How do you cope with physical pain?
She differentiates two types of pain and talks about the strategy she uses depending on the pain.
For sharp pain, Heather uses distraction. (She later told me that she counts her pedal strokes.). Distraction is highly effective because it draws attention away from the source of the pain and requires cognitive resources that would normally be used to process pain information. Interestingly, research shows that more demanding attentional tasks are even more effective. In Heather’s case, counting by five’s might be even more effective.
For dull prolonged pain, she uses a form of dissociation — imagining another version of herself who is experiencing the pain and is separate from her. The technique is interesting and reminds me of research that investigates how we can have multiple selves. For example, the person who sets the clock before bed is a much different person than the person experiencing the alarm the next morning. The difference with Heather’s case is the two selves are present at the same time.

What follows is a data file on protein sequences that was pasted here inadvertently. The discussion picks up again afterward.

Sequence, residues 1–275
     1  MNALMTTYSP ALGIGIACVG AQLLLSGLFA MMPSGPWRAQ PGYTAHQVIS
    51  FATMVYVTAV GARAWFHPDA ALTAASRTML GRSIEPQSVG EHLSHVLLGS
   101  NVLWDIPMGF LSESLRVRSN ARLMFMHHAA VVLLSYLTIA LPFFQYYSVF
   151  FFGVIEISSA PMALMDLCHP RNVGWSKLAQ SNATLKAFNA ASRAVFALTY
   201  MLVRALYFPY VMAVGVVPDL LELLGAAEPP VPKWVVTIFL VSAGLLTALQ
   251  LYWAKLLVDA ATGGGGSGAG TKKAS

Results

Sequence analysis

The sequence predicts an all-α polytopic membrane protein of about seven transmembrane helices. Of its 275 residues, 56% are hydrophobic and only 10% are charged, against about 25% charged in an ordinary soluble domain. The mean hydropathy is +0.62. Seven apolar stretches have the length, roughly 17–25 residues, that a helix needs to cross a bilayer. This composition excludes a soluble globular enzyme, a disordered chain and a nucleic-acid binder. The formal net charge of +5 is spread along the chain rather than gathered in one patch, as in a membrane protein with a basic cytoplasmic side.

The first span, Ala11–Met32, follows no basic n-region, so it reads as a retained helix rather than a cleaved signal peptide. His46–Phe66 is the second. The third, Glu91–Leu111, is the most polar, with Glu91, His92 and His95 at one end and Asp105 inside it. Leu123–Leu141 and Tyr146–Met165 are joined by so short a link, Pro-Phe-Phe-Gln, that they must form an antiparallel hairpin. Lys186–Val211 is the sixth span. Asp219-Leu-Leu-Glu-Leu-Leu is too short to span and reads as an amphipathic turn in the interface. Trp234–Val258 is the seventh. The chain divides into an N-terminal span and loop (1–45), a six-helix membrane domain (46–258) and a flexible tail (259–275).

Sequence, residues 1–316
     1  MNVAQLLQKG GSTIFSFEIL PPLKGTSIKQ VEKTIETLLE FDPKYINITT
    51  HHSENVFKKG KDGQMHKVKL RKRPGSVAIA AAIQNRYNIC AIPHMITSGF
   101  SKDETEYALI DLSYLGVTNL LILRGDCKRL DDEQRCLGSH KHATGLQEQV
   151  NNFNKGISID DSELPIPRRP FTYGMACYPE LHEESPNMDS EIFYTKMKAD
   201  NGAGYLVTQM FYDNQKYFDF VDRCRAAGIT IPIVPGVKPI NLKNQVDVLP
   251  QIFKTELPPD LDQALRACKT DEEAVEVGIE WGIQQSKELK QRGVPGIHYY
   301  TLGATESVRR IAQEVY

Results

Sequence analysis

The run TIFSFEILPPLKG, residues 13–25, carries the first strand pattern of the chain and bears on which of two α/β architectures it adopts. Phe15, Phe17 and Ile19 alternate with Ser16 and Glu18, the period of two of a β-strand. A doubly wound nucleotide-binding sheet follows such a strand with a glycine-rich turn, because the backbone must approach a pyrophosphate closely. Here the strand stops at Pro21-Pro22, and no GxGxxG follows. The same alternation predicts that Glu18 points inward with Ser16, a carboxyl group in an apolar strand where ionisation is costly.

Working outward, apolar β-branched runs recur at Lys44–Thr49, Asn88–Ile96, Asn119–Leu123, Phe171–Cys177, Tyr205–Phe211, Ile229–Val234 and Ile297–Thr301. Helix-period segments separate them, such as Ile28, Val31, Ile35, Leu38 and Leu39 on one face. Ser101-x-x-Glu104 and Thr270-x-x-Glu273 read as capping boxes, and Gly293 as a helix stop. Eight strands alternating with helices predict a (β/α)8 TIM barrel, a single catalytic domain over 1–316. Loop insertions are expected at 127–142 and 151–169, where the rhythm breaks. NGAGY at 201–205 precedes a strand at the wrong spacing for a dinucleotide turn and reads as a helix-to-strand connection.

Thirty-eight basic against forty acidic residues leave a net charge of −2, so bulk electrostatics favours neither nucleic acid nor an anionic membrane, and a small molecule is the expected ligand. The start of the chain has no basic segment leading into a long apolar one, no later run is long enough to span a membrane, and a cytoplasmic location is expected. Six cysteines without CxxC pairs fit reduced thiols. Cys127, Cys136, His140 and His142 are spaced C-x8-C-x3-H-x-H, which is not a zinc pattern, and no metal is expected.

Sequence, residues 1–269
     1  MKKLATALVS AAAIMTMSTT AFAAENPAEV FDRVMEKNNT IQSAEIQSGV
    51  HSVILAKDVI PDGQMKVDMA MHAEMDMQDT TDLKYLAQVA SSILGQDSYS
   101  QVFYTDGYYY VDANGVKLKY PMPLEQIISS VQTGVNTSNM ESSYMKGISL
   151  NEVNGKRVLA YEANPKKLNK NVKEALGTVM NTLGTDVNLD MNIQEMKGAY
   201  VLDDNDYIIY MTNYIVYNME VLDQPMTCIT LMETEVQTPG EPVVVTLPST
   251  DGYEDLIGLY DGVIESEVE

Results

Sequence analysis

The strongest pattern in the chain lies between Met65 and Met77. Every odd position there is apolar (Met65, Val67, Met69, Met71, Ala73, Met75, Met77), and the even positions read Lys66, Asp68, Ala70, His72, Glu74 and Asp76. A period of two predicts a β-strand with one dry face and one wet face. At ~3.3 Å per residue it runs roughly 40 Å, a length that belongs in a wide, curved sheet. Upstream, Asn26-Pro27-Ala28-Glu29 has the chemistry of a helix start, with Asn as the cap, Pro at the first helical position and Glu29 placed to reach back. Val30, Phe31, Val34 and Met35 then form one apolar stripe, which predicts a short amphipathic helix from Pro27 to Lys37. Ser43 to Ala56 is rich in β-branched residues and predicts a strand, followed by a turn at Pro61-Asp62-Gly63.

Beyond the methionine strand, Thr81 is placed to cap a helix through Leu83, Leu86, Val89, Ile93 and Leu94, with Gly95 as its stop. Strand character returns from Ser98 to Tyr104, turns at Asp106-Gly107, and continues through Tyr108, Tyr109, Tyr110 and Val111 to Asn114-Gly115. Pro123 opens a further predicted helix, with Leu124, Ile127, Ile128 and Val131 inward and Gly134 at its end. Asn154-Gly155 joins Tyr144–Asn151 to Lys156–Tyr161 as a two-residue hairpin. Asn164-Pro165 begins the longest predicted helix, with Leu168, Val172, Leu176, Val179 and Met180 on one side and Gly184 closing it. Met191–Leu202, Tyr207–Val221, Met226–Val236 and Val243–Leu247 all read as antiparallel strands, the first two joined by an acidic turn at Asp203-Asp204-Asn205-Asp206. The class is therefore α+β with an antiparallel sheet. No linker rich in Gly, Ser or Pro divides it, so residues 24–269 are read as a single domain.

…………………………………..Heather, pain free
Bazerman, M. H., Tenbrunsel, A. E., & Wade-Benzoni, K. (1998). Negotiating with Yourself and Losing: Making Decisions with Competing Internal Preferences. Academy of Management Review, 23(2), 225-241.
McCaul, K.D., & Malott, J.M. Distraction and coping with pain. Psychological Bulletin, 95, 516-533.
The New Yorker article, Later, on procrastination.